Weather and Art: Crossing the Delaware

“Washington Crossing the Delaware” by Emanuel Leutze, is an iconic image of the American Revolution. The weather depicted in the painting, however, may not be accurate.

A new version of this celebrated subject by artist Mort Künstler explores some of these inaccuracies.  Through the research of historical documents, Künstler learned that the actual crossing took place under the cover night and in the midst of a nor’easter.  The artist also learned that the troops and equipment were probably transported on flat-bottomed ferries attached to cables that helped stabilize them in the storm.  Depicted in more realistic conditions, the painting’s main subject is still a determined George Washington.  However, it shows the general in the pragmatic posture of holding on to a cannon as he braces himself against the elements, which included strong winds, snow, and freezing rain.

Leutze created his better-known image in 1851, seventy-five years after the courageous events of December 1776.  His painting is an artistic interpretation that emphasizes the heroic status of General Washington. This is evident in the way he portrays the general illuminated by sunlight and standing tall in a rowboat as he crosses the icy Delaware River. The shape of the ice, in fact, is another questionable aspect of this classic painting. When frozen, the Delaware tends to form broad sheets of ice as opposed to the chunky crags that Leutze chose to illustrate.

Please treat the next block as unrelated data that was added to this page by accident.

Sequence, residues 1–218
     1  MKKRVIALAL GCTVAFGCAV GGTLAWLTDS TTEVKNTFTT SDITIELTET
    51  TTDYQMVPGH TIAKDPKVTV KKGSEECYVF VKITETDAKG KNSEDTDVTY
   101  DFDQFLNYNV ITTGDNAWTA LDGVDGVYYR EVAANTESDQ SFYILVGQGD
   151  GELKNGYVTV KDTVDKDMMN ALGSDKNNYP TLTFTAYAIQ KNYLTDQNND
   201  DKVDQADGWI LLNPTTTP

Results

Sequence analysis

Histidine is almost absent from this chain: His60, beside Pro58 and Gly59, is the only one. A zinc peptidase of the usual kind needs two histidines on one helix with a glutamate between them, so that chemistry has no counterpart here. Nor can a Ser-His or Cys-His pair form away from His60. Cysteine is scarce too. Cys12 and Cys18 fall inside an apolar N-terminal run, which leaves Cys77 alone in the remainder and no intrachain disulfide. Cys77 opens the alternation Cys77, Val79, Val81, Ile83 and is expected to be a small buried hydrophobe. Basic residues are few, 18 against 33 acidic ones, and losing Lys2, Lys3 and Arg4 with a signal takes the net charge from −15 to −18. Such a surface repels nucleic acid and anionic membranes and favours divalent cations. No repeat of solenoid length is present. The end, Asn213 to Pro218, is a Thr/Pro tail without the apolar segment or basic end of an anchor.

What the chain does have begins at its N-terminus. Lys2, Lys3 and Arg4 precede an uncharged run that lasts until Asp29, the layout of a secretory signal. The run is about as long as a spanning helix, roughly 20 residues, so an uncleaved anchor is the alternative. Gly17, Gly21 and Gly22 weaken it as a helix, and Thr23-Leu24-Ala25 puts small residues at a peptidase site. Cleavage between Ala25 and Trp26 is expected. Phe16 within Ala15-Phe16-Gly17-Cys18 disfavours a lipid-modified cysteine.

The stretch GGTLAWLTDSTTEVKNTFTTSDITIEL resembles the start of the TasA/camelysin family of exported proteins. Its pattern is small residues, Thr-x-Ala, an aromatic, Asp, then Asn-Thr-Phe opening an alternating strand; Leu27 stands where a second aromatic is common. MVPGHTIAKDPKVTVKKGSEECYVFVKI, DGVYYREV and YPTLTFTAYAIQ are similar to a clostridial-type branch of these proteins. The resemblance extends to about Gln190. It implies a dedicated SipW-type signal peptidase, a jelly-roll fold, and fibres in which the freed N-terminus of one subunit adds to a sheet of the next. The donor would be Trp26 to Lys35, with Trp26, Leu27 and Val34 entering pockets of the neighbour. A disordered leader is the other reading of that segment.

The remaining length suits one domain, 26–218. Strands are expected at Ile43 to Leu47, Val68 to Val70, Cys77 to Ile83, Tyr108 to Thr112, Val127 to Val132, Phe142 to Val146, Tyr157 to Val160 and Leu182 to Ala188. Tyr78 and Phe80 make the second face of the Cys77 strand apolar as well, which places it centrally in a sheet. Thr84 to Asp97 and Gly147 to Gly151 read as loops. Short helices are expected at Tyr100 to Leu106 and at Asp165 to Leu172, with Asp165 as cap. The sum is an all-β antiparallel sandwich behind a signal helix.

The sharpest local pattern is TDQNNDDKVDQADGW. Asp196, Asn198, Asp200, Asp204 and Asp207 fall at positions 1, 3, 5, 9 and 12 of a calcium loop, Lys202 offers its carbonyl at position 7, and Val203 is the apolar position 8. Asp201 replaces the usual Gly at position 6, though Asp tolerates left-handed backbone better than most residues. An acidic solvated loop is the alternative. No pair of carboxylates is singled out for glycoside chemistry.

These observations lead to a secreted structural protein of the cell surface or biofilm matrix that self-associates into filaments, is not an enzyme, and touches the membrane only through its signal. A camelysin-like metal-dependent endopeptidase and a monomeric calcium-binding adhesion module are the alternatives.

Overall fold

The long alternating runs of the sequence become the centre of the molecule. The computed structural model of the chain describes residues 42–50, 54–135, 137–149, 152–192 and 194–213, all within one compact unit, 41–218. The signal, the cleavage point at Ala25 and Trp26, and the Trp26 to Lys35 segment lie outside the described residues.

After four years of renovations to its American Wing, the Metropolitan Museum Art returned Leutze’s work to public display earlier this week.  Künstler’s new painting entitled, “Washington’s Crossing: McKonkey’s Ferry, Dec. 26, 1776”, was unveiled at the New York Historical Society last month.

Emanuel Leutze's 1851 "Washington Crossing the Delaware"

Image Credit: Emanuel Leutze via Metmuseum

Mort Künstler's 2011, "Washington's Crossing: McKonkey's Ferry, Dec. 26, 1776”

Image Credit: Mort Künstler via AP

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About Melissa Fleming

Melissa Fleming is an environmental communicator working at the intersection of art and science. She is passionate about exploring, learning, and sharing information about the natural world. She has presented her interdisciplinary work in a variety of mediums at venues and conferences around the world.